Parliament during the session in which it was published, due to lack of
       Parliamentary time. Though the report was debated at a later date, these
       recommendations were not considered. As a result, committees of the Scottish
       Parliament have not adopted them although there are examples of committees
       carrying out ad hoc reviews.13

       GERMANY
5.17   In 2000, the Federal Government adopted the new Joint Rules of Procedure of
       the Federal Ministries. The Joint Rules help to streamline co-operation between
       the Federal Ministries and are an important tool to modernise both their
       organisation and the way in which Bills are prepared.

5.18   Time limitation (sunsetting) is seen as part of a procedure to assess existing
       regulations and amend or abolish those which are obsolete or unnecessary.14
       The Joint Rules stipulate that the explanatory memoranda for Federal
       Government Bills must explain whether the law can be limited as to time.15 During
       the most recent legislative period about 50 laws and ordinances were given time
       limits. 16

5.19   Evaluation clauses also play a prominent part in structuring Federal Government
       Bills. Paragraph 44(6) of the Joint Rules provides that: “in the explanatory
       memorandum for the Bill, the lead Federal Ministry must state whether and, if so,
       after what period of time, a review is to be held to verify whether the intended
       effects have been achieved, whether the costs incurred are reasonably
       proportionate to the results and what side-effects have arisen”.

5.20   The goals of evaluation include seeing which of the regulatory aims have been
       achieved and what changes and side-effects have resulted. On the negative side,
       it is difficult to attribute direct effects of legislation due to multi-causality and
       evaluation may place an excessive burden on ministerial administration and
       parliaments.17




       13
            For example, the Justice 1 Committee conducted post-legislative scrutiny in relation to the
            Protection from Abuse Act 2001, in early 2004, in conjunction with the University of
            Glasgow.
       14
            Dr Bollhoff, Simplification of Law and Reduction of Bureaucracy at the Federal Ministry of
            the Interior, Regulatory Evaluation by the German Federal Government (23.09.05)
            http://www.dti.gov.uk/about/evaluation/Dominik_B%F6llhoff.ppt (last visited 10 January
            2006).
       15
            http://www.staat-modern.de/Anlage/original_549908/Joint-Rules-of-Procedure-of-the-
            Federal-Ministries.pdf, section 2, para 43(1)6 (last visited 10 January 2006).
       16
            This is Dr Bollhoff’s estimate. In total round 400 laws and 1,300 ordinances were agreed
            by Parliament during this short (3 year) legislative period.
       17
            Dr Bollhoff, Simplification of Law and Reduction of Bureaucracy at the Federal Ministry of
            the Interior, Regulatory Evaluation by the German Federal Government (23.09.05)
            http://www.dti.gov.uk/about/evaluation/Dominik_B%F6llhoff.ppt (last visited 10 January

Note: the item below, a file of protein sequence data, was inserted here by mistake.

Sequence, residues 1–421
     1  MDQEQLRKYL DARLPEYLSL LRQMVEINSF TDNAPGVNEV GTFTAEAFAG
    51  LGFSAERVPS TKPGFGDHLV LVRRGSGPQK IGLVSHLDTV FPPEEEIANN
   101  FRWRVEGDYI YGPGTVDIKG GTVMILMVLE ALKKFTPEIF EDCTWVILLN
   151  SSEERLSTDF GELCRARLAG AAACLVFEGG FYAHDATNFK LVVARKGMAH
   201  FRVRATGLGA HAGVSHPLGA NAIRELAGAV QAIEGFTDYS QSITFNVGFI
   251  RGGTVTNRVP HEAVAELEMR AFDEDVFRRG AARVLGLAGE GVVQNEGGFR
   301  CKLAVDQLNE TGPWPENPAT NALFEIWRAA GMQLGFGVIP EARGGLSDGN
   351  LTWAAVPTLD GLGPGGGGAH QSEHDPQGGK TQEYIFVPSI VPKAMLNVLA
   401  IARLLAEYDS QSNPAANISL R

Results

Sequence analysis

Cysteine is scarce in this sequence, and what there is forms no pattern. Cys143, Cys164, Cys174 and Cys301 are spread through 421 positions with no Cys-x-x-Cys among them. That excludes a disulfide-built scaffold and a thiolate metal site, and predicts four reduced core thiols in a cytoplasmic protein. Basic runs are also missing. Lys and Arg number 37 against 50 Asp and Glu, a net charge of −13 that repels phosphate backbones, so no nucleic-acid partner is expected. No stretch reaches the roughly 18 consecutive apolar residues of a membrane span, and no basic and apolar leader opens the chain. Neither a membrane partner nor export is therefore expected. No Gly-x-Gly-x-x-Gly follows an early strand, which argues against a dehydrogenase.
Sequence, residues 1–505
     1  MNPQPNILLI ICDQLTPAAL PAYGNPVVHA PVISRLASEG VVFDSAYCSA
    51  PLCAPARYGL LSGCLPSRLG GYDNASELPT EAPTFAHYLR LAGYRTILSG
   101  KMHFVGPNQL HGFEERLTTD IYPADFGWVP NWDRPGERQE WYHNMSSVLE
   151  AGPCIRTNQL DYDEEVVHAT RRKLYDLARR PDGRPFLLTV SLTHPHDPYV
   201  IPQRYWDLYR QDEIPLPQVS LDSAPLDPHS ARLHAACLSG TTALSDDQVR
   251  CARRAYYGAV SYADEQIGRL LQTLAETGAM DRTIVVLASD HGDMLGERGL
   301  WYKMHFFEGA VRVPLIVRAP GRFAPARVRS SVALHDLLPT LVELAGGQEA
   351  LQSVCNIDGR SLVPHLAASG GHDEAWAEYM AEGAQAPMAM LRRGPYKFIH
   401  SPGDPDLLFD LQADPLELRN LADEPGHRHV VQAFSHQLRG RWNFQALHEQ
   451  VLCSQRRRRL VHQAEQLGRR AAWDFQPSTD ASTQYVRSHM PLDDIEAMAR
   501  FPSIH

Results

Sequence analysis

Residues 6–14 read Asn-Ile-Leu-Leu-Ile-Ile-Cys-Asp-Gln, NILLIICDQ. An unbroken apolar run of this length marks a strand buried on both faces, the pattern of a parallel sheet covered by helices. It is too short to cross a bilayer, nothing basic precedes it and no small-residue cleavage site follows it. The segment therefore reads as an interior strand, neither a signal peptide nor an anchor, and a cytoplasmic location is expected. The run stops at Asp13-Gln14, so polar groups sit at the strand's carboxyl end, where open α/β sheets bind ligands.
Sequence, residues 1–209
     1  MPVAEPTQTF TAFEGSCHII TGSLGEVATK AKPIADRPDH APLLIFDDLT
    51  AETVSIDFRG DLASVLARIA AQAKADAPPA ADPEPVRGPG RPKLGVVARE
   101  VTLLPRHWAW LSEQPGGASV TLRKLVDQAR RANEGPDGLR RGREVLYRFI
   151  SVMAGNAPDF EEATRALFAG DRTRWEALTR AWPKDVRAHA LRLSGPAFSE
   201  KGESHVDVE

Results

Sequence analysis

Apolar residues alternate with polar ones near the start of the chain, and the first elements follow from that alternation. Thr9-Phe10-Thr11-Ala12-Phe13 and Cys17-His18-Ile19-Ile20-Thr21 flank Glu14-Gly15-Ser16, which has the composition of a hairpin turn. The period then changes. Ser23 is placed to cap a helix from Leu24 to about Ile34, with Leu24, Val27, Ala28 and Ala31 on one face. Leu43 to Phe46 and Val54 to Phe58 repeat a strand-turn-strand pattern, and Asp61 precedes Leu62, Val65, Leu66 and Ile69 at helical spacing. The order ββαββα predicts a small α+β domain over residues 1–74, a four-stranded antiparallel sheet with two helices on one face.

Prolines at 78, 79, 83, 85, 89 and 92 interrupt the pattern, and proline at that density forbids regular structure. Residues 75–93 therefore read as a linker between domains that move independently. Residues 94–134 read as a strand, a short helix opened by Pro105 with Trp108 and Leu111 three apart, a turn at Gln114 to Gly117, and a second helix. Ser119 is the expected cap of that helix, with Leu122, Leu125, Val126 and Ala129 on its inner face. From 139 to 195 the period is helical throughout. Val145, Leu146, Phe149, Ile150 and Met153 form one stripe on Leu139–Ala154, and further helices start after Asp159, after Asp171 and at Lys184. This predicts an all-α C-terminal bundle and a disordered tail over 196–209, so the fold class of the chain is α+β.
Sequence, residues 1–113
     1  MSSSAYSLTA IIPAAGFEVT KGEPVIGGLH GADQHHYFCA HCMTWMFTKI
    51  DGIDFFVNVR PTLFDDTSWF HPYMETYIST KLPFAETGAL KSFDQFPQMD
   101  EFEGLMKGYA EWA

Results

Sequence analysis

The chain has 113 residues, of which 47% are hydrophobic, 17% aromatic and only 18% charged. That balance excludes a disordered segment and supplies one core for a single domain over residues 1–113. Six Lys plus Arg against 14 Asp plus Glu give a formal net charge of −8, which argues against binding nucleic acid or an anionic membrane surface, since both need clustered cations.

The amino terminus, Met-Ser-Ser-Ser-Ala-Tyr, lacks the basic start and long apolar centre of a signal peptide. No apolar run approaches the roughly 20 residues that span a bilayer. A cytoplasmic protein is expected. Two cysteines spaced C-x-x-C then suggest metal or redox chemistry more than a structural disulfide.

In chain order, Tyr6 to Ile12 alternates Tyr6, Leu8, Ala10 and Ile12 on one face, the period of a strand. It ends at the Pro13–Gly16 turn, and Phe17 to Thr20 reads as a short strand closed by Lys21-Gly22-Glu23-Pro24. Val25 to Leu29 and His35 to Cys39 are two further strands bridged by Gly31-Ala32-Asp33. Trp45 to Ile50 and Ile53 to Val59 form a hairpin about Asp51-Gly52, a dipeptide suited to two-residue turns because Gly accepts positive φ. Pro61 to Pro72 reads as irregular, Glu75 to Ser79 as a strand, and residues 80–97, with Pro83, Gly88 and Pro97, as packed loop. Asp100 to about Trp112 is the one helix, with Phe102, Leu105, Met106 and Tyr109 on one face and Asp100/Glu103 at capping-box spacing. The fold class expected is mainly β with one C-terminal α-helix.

2006).




                                                   28
       FRANCE
5.21   In France the courts play quite a systematic role in reviewing statute law. The
       Cour de Cassation reviews contentious decisions of other courts and, when
       necessary, draws the attention of the legislature to the need to clarify the law.
       The Cour de Cassation takes a structured approach, producing annual reports
       suggesting legislative reform.18

5.22   The French National Assembly establishes investigatory commissions to look into
       various specific areas. For example, one such commission was set up in 2003 to
       examine the effectiveness of recommended measures concerning the security of
       maritime transportation of dangerous or pollutant products.19

       EUROPEAN UNION

5.23   We refer to post-legislative scrutiny of EU legislation in Part 9.

5.24   We welcome views or experiences of post-legislative scrutiny in the
       jurisdictions to which we have referred or elsewhere.




       18
            http://www.courdecassation.fr/_rapport/rapport.htm (last visited 10 January 2006).
       19
            http://www.assemblee-nationale.fr/12/dossiers/enquete-transport-maritime.asp#031018
            (last visited 10 January 2006).




                                                   29
      PART 6
      THE PURPOSE OF POST-LEGISLATIVE
      SCRUTINY

      MOTIVATION FOR POST-LEGISLATIVE SCRUTINY
6.1   In discussions with Parliamentarians and others during this project, different
      reasons for more systematic post-legislative scrutiny have been suggested to us.

6.2   The primary reason which has been recurrently suggested to us is that legislation
      should be reviewed after it has been brought into force to see whether it is
      working out in practice as intended and if not to discover why and to address how
      any problems can be remedied quickly and cost-effectively. This driver for post-
      legislative scrutiny is based on a concern that every year a huge and increasing
      amount of legislation is poured onto the statute book, most of which is not
      thoroughly digested. Much of this generates further regulation either in the form
      of secondary legislation or in the form of codes and guidance. There may also
      have been a number of amendments introduced with little time for scrutiny during
      the passage of the Bill. In 2003, Parliament passed 45 Acts which ran to a total of
      over 4,000 pages. There were also 3,354 Statutory Instruments, running to
      11,977 pages. There is a perceived need to take stock of this by providing a